DetoxTwo months ago I wrote a post about the cleanse I designed for myself.  I outline the steps I took, the foods I chose and why. If you want to check it out: Designing A Cleanse To Fit You. I enjoyed this cleanse so much and it was so easy that I decided (since it was designed for me) that I would do the cleanse two days a week, every week and see how it made me feel. After a month of this, I went down to one day a week. The question is: Is there any merit to this?

The problem is that there is little research on detoxing or “cleansing”. How do you research it and who would do it? Unless it is a cleanse product, there is no financial gain to measuring the results of juicing or fasting or just eating raw foods for a few days.  I read an article this week called 10 Bogus Health Trends That Waste Your Time and one of the trends was cleansing. They were assessing it as a perceived weight loss method and it is true that a lot of its current popularity is the based on the perception that when you cleanse you lose weight (thanks to Beyonce, apparently). For anyone under that illusion, that is not why you cleanse. Cleaning is for aiding the removal of toxins.

However, they did state, which goes to the heart of the true reason for cleansing: “Your body doesn’t need a break from digestion in order to get rid of toxins. In fact, it’s a self-cleansing machine—trust that your liver, kidneys, and intestines will get the job done.”

The problem with this statement is that it assumes you can trust your kidney, liver and intestines. It’s assuming a perfect world scenario and does not recognize the wear and tear that goes on with our body and its  organs and systems year after year, especially if we have been overindulging with a bad diet and lifestyle. The writers are presuming  that they always work perfectly. We know this is not the case and we do not need research to tell us this as plenty of people develop issues with their kidneys, liver and intestines.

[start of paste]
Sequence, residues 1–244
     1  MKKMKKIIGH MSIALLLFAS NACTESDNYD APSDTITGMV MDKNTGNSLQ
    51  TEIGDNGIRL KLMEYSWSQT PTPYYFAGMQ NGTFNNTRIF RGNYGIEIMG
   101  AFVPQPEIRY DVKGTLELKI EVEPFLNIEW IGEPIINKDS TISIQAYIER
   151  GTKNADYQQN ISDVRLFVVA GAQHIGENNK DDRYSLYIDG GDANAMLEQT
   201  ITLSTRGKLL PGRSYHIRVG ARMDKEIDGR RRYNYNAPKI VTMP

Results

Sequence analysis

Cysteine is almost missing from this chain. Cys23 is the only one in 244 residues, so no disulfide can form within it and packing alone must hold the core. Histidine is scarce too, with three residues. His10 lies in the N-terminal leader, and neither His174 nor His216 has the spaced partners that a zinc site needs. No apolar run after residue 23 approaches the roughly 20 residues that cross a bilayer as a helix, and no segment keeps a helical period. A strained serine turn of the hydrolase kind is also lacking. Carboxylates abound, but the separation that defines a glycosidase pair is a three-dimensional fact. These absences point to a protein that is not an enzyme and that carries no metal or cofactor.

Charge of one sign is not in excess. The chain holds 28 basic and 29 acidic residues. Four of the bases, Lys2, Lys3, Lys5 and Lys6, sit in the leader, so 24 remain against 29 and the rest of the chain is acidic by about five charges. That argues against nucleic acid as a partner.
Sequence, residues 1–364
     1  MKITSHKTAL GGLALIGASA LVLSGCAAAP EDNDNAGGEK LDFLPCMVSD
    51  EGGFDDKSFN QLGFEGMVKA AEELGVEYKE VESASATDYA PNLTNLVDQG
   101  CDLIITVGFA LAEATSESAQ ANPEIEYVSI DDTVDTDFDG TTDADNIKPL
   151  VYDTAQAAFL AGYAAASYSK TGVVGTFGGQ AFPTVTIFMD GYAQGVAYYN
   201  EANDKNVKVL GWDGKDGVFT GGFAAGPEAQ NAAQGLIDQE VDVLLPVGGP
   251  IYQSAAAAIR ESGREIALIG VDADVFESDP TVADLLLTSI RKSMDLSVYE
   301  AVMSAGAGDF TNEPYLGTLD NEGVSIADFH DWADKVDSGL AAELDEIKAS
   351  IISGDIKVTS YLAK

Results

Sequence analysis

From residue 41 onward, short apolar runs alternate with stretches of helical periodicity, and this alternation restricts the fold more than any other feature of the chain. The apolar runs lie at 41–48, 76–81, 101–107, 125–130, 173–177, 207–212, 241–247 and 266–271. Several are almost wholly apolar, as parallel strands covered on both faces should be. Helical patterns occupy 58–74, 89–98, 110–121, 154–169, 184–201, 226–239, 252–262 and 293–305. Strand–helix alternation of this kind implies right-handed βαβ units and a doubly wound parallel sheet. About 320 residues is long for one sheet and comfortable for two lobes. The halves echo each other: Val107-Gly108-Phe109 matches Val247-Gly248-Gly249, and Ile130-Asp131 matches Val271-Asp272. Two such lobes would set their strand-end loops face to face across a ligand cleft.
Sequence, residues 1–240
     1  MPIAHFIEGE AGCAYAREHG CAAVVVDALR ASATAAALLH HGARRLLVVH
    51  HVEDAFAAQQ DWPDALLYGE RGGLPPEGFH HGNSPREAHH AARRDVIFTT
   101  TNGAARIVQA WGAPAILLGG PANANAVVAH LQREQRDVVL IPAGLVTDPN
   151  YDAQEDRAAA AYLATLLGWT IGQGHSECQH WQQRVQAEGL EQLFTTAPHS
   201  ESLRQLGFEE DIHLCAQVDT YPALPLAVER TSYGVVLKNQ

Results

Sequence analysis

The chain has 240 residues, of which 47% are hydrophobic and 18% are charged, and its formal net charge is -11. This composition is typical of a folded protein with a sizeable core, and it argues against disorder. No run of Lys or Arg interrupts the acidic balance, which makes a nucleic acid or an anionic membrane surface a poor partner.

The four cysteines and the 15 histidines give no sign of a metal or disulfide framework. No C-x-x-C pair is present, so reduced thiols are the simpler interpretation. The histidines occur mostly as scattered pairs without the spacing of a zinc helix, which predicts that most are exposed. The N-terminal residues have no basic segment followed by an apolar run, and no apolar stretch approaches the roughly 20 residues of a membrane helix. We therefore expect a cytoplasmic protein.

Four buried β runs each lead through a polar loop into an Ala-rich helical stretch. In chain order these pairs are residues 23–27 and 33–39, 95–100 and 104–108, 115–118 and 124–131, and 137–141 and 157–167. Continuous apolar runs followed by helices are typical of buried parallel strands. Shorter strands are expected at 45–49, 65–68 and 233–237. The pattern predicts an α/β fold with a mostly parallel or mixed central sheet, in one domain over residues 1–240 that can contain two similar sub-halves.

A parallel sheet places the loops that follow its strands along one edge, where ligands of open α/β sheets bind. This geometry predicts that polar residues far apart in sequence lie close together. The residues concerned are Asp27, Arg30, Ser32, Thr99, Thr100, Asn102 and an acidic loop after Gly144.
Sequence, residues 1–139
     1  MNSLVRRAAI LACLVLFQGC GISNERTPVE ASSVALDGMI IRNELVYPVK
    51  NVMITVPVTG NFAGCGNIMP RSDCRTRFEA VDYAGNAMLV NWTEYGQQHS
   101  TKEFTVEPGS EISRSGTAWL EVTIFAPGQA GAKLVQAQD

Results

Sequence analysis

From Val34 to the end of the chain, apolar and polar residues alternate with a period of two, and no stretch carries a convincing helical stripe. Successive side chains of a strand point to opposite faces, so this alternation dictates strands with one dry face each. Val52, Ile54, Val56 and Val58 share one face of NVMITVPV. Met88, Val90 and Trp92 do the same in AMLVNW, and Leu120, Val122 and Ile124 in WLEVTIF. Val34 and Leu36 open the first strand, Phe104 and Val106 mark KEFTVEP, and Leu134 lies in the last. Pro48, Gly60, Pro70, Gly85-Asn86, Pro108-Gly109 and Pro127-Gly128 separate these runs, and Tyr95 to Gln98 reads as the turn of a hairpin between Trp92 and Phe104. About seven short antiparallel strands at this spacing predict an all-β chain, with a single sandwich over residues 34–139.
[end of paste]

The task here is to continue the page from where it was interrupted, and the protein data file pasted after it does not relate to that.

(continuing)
It is also not unreasonable to assume that those who develop serious health conditions did not just wake-up one day and have a health issue – the body progresses toward disease and the theory of cleansing sits soundly on the side of prevention. The key is to do it smartly and that is why I like my designer cleanse. It contains plenty of nutrients that support the liver and the detoxification process and has sustaining fats, carbs and protein. The foods are all raw, providing the necessary break for the digestive system and the extra energy for detoxification.

This brings us back to the question as to whether doing it one or two days a weeks has any benefit. The short answer is yes.  First eating lighter for a day is always a good idea. We all often overindulge at some point during the week or get so busy we do not eat properly. Having a simple day of eating with nutrient-dense whole foods is a good idea. You may have heard the expression “A change is as good as a rest”. Well the body thinks so too and changing the diet even for a day can provide a much needed “rest”

Secondly, from a detoxification perspective, the foods in my cleanse all support the liver, kidneys and the intestines. That alone makes it worthwhile. What seems to be lost in the understanding of our detoxification system by those who see cleansing as a “trend”, is that we detox using nutritients and supplying the body foods with the right nutrients, beneficial to detoxing, is how the body “gets the job done”

Now we are not talking about water fasting here or doing the master cleanse, we are discussing the consumption of  good quality foods as a cleanse. Doing it one or two days weeks is an easy way to support detoxification, and more importantly, by consuming food instead of juice, it is more sustainable especially in the winter months.

Doing a cleanse day, once a week, is an easy way to ease pressure on the body and speed detoxification. The liver, kidneys, and the intestines will like this as long as whatever you consume has phytonutrients, fibre and good bacteria. If you included raw foods that also have carbohydrates, fat and protein, then you and your body will feel sustained, allowing you to function.

If you eat whole foods as much as possible the rest of the time, there will be a cumulative benefit that you will see over time. I currently am finally feeling stronger and more energetic than I have in years. I still have a long way to go as I am trying to recover from physical injuries and years of bad habits and most importantly, unrelenting stress. But I am finally seeing progress. So, for me, it make sense to keep doing  my cleanse one day a week to support the good habits I am currently following and to help me recover from the stress of the week and any days where I cannot control exactly what I eat.  Give it a try. You might be surprised how this adds up for you in a few months.